Dried orange peel is used in baking and waste from cutting and processing is used for animal feed.
Citrus is an important source of vitamin C and foliate.
Oranges also provide significant amounts of antitoxin.
Oranges and other citrus fruits grow well in warm sub-tropical climates.
Site selection influences the long-term production of citrus trees and the ease of management such as irrigation, fertilisation, pruning as well as weed and pest control.
Citrus trees require deep soil having good surface and internal drainage.
The soil must provide 13 nutrient elements essential to all plant growth.
Planting depth of the sapling is of importance to the growth of citrus trees.
Fertiliser should not be applied until the tree begins new growth after planting.
Watering should be done two to three times the first week and one to two times per week for the next few weeks, depending on soil type, rainfall and the time of year.
The weeds and grass beneath citrus trees should be controlled to reduce competition for fertiliser and water.
Also, weeds and grass may harbour pests which can affect the fruit or trees.
Foot rot is a fungal disease present in many local soils, which affects orange trees.
In Southern Africa, citrus pests include insects, mites and diseases which may affect the health and vigour of the trees or the appearance of the fruit.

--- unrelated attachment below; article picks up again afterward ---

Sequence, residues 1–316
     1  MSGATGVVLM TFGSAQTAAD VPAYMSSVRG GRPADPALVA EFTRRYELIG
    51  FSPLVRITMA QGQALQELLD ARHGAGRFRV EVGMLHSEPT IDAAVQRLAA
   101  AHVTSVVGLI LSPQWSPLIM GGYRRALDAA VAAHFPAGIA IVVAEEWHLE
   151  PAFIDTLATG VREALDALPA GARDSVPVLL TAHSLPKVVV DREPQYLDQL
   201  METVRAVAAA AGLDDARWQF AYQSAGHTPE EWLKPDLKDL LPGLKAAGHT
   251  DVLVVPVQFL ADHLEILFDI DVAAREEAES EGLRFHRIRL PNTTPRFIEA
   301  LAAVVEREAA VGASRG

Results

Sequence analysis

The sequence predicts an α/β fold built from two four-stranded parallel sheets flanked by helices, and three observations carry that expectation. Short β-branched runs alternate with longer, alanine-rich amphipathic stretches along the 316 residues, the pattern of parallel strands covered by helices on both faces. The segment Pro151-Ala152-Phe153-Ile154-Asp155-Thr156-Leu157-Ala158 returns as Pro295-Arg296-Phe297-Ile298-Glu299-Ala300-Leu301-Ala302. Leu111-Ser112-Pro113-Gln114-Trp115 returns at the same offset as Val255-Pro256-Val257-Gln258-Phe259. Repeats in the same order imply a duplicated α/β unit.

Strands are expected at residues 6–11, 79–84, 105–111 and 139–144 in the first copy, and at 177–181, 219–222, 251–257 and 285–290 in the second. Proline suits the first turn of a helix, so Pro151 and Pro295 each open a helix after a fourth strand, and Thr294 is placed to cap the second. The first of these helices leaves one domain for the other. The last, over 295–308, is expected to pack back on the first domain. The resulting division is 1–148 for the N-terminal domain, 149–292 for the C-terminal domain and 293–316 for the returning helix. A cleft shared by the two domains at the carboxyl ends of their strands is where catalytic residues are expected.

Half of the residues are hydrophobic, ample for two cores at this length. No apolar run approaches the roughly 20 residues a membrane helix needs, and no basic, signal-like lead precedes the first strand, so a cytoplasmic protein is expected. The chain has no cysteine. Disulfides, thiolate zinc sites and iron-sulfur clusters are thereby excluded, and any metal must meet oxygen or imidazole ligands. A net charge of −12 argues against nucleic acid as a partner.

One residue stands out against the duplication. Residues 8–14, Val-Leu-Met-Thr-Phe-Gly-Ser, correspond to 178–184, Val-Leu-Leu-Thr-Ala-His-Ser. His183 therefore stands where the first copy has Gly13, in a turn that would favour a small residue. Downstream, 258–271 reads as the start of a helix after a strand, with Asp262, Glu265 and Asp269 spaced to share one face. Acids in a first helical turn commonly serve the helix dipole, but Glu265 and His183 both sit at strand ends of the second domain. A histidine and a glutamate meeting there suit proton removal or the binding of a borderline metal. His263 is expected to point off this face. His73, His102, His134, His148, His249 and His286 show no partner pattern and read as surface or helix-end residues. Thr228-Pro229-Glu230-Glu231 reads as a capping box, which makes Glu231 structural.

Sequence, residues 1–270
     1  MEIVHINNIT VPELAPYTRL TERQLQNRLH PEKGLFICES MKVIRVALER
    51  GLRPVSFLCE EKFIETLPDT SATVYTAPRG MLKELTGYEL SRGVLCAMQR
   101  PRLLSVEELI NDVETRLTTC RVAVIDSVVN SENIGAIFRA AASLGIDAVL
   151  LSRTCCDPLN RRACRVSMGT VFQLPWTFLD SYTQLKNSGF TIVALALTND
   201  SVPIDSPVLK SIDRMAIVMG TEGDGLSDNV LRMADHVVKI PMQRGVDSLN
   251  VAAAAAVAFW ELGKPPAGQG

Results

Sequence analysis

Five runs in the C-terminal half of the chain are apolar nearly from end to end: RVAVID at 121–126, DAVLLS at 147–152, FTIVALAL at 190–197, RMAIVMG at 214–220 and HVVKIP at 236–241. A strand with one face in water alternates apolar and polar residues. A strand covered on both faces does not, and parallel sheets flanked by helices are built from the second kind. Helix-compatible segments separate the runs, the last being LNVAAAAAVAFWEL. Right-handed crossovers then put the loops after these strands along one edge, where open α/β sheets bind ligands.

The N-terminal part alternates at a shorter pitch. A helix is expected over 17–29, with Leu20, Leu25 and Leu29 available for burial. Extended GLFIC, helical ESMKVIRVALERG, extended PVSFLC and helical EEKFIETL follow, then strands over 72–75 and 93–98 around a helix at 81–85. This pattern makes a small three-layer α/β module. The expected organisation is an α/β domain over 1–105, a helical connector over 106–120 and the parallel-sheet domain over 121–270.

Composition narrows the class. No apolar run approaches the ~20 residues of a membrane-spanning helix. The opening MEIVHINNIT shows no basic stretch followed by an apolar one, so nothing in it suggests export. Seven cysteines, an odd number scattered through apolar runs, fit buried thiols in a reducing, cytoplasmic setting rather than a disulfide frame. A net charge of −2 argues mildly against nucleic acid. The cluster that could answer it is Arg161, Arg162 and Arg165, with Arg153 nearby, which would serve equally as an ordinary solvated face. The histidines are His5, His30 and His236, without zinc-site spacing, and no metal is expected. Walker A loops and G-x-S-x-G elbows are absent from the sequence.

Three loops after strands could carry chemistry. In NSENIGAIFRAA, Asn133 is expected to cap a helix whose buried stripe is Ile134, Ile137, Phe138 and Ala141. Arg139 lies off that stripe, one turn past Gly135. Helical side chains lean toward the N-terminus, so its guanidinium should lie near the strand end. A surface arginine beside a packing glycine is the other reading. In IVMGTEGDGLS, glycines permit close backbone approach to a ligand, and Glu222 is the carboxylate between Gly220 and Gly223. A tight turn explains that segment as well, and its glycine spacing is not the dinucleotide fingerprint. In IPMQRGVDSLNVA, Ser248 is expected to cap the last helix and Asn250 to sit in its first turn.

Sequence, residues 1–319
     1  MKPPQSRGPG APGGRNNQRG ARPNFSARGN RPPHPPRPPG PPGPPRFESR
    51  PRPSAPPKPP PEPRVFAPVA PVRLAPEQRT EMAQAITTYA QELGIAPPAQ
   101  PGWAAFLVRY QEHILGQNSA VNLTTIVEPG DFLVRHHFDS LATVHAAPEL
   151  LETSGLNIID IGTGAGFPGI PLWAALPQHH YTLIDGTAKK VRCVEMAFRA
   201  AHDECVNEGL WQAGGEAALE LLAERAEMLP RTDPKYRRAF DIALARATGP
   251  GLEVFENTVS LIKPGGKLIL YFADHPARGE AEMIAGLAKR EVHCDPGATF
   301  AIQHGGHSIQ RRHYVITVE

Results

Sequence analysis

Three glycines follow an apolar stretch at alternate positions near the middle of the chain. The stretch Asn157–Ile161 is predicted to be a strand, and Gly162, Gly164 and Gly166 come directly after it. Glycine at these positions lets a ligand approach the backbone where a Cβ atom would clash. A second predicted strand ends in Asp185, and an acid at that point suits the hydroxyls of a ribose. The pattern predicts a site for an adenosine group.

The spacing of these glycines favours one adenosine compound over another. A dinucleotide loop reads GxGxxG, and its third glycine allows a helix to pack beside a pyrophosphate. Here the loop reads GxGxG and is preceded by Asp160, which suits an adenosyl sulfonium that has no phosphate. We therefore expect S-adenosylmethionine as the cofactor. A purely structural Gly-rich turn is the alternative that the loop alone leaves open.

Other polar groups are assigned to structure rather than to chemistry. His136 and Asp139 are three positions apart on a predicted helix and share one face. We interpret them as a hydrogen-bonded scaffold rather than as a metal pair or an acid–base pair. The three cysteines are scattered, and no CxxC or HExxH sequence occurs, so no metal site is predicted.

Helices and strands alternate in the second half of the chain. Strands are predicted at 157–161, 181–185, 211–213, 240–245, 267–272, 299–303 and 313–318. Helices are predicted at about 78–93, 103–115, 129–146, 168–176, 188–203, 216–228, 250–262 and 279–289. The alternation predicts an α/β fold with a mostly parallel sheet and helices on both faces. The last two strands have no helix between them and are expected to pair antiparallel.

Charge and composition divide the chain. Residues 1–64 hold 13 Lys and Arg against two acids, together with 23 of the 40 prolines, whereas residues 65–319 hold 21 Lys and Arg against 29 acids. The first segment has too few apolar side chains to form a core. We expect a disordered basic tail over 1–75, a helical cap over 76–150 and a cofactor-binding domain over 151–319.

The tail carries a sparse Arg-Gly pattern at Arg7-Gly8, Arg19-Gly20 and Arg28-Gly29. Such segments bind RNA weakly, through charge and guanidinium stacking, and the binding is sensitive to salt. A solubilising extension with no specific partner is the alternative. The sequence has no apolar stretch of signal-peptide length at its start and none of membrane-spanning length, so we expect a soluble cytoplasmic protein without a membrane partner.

Like any other fresh fruit or vegetable, oranges can be contaminated by bacteria from soil, water or animal sources. Bacteria on the rind (skin) can be transferred to the internal flesh during peeling, cutting or juicing.
Oranges should be washed prior to consumption.
Over half of all juices sold in the US are orange juices.
In Zimbabwe, Mazoe orange juice was world renowned for its 100 percent real fruit juice — a trademark to be reckoned with, so much so that it still carries an international market demand and instant brand recognition.
The Mazoe glass bottle and label were a unique industrial design icon, and is still a world recognised brand in industrial design circles.
Sadly, the original savvy Mazoe glass bottle design has been discontinued and replaced by plastic.
The contents and product were one of Zimbabwe’s premiere exports and still holds consumer memory and market sway, locally, regionally and internationally, today.
Commercially grown orange trees in Zimbabwe are grafted onto rootstocks that have been selected for disease tolerance under varying conditions, tree vigour, productivity and fruit quality.
Oranges do not ripen after harvesting, so it is important to pick the fruit at the right time of maturity.
This is normally associated with colour, sugar content, acidity and juice content.
Zimbabwe has some of the most suitable soil types, adequate irrigation and sunshine to further develop the citrus industry.
However, being a specialised horticultural product, growing oranges requires investing in intensive training, specialised fertilisation programmes and rigorous disease control as well as monitoring to grow first grade oranges of export quality.
Valencia, Saville and Navel are some of the suitable and lucrative orange varieties for cultivation in Zimbabwe.
Dr Tony Monda-is currently conducting Veterinary Epidemiology, Agronomy and Food Security and Agro-economic research in Zimbabwe and Southern Africa. E-mail tonym.MONDA@gmail.com